So don’t sell them cool features and whizz bang technology when what they’re buying are plain and simple benefits.

Make a bridge to their world. Understand who they are and what motivates them. Don’t talk at them, talk to them. Show how your product fits in their life.  And how it helps them do something better, quicker or more efficiently.

Your users are on a journey in your website. It’s up to you to make sure they reach their destination with a smile.


Don Seidenberg

Like this post?  Share it.  Written by Don Seidenberg.

Two kings and the importance of clarity

In my adopted country of the Netherlands, everyone is focused on the crowning of the first king in over 100 years.  As a web professional, I am focused on another king: content.

Crown Prince Willem-Alexander, the soon to be king, was recently interviewed by journalists.  He spoke clearly with a solid understanding of the issues affecting the Dutch people.  When asked what type of king he would be, he stressed the importance of being yourself.

Inspired by this interview, here are some ideas on how to make your content king.

  • Be yourself – Don’t be afraid to stand out in a crowd. Let people know who you are, what makes you special and why doing business with you is a royal delight.
  • Understand issues of importance Know your audience, show that you understand the issues that are important to them.
  • Define key messages — What message must every web visitor need to understand?  What other messages, do you need to communicate?  If your site has more than one audience, define the key messages for each audience.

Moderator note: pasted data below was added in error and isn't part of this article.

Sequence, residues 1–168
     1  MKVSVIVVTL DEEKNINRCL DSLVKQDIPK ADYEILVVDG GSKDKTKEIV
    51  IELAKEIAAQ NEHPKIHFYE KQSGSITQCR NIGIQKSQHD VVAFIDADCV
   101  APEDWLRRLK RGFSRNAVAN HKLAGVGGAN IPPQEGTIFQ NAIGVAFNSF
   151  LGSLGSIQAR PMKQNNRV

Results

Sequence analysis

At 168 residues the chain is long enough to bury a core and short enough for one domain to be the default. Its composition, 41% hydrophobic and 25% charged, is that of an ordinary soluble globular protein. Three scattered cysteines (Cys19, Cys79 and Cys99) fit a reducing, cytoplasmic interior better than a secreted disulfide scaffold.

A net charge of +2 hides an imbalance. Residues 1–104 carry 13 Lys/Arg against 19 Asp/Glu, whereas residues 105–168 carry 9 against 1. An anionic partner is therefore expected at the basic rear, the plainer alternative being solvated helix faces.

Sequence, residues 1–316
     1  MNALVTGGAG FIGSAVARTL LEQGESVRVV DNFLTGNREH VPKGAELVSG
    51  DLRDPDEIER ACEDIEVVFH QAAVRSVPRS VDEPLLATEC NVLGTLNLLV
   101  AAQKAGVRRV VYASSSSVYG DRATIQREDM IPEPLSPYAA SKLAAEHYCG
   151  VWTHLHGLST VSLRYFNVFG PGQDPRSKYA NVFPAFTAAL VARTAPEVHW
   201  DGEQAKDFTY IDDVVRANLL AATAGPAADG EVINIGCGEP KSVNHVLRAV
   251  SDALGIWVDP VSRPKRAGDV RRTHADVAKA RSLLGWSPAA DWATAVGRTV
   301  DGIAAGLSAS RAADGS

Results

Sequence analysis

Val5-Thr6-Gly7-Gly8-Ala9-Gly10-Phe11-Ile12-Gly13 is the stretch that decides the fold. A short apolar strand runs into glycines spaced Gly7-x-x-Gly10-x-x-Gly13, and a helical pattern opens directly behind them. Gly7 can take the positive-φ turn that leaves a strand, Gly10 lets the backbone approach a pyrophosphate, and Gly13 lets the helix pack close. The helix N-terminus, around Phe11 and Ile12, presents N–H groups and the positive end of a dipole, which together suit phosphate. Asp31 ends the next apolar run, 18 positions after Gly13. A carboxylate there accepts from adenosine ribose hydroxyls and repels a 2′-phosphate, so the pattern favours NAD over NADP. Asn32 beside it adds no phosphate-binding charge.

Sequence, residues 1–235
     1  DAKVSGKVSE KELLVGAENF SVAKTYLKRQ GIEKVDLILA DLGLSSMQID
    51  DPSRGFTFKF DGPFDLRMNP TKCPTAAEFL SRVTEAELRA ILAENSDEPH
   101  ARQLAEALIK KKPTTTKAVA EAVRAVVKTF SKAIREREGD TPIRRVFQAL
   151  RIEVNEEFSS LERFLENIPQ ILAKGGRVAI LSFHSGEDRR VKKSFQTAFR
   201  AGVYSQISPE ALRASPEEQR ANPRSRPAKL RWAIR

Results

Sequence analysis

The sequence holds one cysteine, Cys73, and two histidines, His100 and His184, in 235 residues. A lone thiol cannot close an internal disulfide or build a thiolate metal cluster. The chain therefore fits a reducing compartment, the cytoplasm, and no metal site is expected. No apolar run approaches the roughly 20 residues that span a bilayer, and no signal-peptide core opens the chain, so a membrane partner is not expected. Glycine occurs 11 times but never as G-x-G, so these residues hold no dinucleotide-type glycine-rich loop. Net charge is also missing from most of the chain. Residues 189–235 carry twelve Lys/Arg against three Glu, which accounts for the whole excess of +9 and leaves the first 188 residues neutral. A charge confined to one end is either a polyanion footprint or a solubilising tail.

• Avoid clichés — Clichés are ideas that are so overused that they lack meaning. Using clichés show a lack of creativity and weakness.
  • Start a conversation – Willem-Alexander wants to encourage conversation. He doesn’t want people to call him majesty because it hinders contact. Make sure your content encourages conversation and contact.

Above all, remember clarity is your number one usability principle.  It always improves your content. If you’re pro-monarchy, long live the king! And if you’re pro-website, long live your content!

Like this post?  Share it.  Written by Don Seidenberg

Treat your web visitors like guests

If you are looking to engage your audience, don’t treat them like customers treat them like guests. Welcome them with open arms, make them feel special.

Special. That’s exactly how I felt at the Citizen M Hotel in London. The lobby was a cozy living room full of comforts. A fireplace. Big comfortable chairs. Books on art, fashion, design and architecture.  Free wifi.  A pleasant and helpful staff. The list goes on.

Every room has a king size bed, great shower and a tablet. The tablet is also a remote. Adjust the lighting, set the alarm, watch movies, listen to the radio, surf the internet. Everything at your fingertips. Turn on a movie and the window shades close to prevent reflection from the sun.

Citizen M feels like a friend with fun personality. Instead of standard hotel stationary, there was a small pad in my room with the message: “great fiction, works of art or rude poems – they all start here.” Enter the elevator and you will see a whimsical video of people sitting around the table. Every ride it’s a different group of people. Just enough to make you smile.